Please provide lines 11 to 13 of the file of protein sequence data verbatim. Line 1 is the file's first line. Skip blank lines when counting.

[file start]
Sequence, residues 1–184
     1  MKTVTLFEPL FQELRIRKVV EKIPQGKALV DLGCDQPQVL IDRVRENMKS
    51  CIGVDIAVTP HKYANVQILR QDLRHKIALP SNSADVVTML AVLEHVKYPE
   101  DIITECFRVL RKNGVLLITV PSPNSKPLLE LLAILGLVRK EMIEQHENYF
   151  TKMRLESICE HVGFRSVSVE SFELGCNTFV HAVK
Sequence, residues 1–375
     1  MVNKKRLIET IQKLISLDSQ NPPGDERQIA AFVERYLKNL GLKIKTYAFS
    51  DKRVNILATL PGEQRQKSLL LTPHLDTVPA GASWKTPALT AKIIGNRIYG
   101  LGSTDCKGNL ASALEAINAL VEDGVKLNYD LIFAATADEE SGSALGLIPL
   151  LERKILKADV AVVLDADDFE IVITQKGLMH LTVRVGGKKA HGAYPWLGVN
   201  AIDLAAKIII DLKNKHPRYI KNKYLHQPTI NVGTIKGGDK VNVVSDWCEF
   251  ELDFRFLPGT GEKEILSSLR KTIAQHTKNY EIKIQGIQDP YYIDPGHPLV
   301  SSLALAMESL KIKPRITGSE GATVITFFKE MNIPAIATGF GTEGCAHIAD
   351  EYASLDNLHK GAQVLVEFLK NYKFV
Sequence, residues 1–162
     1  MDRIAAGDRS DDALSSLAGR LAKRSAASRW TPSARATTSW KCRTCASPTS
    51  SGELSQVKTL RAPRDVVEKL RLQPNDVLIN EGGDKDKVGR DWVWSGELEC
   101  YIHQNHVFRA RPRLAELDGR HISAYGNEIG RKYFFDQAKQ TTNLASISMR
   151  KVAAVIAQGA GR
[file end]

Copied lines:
   201  AIDLAAKIII DLKNKHPRYI KNKYLHQPTI NVGTIKGGDK VNVVSDWCEF
   251  ELDFRFLPGT GEKEILSSLR KTIAQHTKNY EIKIQGIQDP YYIDPGHPLV
   301  SSLALAMESL KIKPRITGSE GATVITFFKE MNIPAIATGF GTEGCAHIAD